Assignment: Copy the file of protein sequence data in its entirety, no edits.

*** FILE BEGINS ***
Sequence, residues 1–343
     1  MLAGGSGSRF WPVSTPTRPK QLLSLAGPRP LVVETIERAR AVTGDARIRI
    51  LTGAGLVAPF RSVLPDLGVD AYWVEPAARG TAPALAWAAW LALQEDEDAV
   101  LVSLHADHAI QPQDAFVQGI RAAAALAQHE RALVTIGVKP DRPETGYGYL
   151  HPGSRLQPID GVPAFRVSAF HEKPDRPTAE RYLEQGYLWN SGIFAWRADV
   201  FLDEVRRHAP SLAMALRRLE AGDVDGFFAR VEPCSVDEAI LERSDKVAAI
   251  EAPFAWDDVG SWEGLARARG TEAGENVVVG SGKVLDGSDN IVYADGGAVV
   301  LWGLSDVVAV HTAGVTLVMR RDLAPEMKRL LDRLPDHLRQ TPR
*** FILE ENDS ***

Sequence, residues 1–343
     1  MLAGGSGSRF WPVSTPTRPK QLLSLAGPRP LVVETIERAR AVTGDARIRI
    51  LTGAGLVAPF RSVLPDLGVD AYWVEPAARG TAPALAWAAW LALQEDEDAV
   101  LVSLHADHAI QPQDAFVQGI RAAAALAQHE RALVTIGVKP DRPETGYGYL
   151  HPGSRLQPID GVPAFRVSAF HEKPDRPTAE RYLEQGYLWN SGIFAWRADV
   201  FLDEVRRHAP SLAMALRRLE AGDVDGFFAR VEPCSVDEAI LERSDKVAAI
   251  EAPFAWDDVG SWEGLARARG TEAGENVVVG SGKVLDGSDN IVYADGGAVV
   301  LWGLSDVVAV HTAGVTLVMR RDLAPEMKRL LDRLPDHLRQ TPR